The middle entrance to this park with the famous Skyline Drive is only about 40 miles from where I am staying, so I visited on Sunday and again today.
Sunday's visit took me to the visitor center to get a pin, since I wasn't collecting them yet when I was last here in October, 2006. From there, I went on a short hike to see some waterfalls, and stopped at a few of the lookouts to the western mountains and eastern Piedmont plains.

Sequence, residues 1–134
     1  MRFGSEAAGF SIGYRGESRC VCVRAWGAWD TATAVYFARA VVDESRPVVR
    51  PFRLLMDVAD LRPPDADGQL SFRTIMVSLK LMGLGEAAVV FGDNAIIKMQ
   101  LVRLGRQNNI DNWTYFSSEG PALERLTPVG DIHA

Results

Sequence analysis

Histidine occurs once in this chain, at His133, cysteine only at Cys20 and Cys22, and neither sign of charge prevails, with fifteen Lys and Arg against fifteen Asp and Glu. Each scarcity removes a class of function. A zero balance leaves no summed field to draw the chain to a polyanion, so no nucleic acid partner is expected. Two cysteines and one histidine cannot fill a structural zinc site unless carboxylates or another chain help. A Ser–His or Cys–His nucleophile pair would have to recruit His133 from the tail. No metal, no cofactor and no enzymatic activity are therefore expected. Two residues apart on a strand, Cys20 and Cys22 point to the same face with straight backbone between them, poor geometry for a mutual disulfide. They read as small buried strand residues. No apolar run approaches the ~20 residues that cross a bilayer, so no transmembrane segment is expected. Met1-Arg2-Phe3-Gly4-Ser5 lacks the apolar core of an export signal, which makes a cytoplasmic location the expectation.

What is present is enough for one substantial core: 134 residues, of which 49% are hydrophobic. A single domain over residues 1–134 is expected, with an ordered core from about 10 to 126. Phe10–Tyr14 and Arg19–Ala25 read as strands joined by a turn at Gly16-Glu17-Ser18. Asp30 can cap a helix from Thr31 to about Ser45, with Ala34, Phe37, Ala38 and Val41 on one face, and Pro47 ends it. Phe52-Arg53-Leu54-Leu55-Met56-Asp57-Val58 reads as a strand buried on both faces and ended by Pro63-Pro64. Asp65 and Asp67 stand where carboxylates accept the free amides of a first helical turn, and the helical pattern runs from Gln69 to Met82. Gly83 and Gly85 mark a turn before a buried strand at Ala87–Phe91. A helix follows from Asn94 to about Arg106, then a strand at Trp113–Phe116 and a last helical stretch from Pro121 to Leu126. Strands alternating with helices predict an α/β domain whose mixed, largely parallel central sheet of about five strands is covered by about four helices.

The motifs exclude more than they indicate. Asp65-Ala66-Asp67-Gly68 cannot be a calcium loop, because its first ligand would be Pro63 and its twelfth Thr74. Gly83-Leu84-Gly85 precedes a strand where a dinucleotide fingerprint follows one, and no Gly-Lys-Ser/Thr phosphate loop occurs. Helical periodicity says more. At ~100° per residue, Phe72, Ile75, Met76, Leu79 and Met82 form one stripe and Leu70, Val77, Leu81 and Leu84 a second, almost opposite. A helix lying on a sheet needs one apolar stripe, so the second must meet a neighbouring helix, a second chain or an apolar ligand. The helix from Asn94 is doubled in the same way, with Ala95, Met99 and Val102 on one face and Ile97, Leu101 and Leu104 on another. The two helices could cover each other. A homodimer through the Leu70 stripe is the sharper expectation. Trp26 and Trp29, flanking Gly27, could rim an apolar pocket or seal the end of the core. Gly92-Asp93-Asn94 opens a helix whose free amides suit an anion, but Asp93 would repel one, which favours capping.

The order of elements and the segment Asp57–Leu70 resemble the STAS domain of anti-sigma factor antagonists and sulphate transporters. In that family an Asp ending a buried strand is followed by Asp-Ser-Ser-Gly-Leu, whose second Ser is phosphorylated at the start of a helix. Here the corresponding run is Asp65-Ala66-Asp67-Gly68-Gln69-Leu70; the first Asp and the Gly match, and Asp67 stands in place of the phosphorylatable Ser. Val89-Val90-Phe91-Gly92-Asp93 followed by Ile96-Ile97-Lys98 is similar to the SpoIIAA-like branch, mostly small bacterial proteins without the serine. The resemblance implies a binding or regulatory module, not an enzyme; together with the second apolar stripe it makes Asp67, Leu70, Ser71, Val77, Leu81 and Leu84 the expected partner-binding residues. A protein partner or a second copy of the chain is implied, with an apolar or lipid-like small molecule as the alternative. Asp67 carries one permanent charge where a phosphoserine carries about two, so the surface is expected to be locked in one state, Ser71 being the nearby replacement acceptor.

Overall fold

Today, I wore my hiking boots and prepared to walk in the rain. I walked some of the Appalachian Trail, and another 3.3 mile trail to more waterfalls. I found a couple of letterboxes along the way and kept warm by walking. But on the uphill sections, I had to rest under trees to keep out of most of the rain. At the entrance to the park is a monument and state historical marker noting that Alexander Spotswood found the Shenandoah valley to the west of the mountains in 1715. I remembered reading about that in Orange last week and, in fact, this bit of historical trivia is what impressed me most about this visit. So, when I found a letterbox near the marker and the stamp is a replica of the monument to him and the Knights of the Golden Horseshoe, I was ecstatic!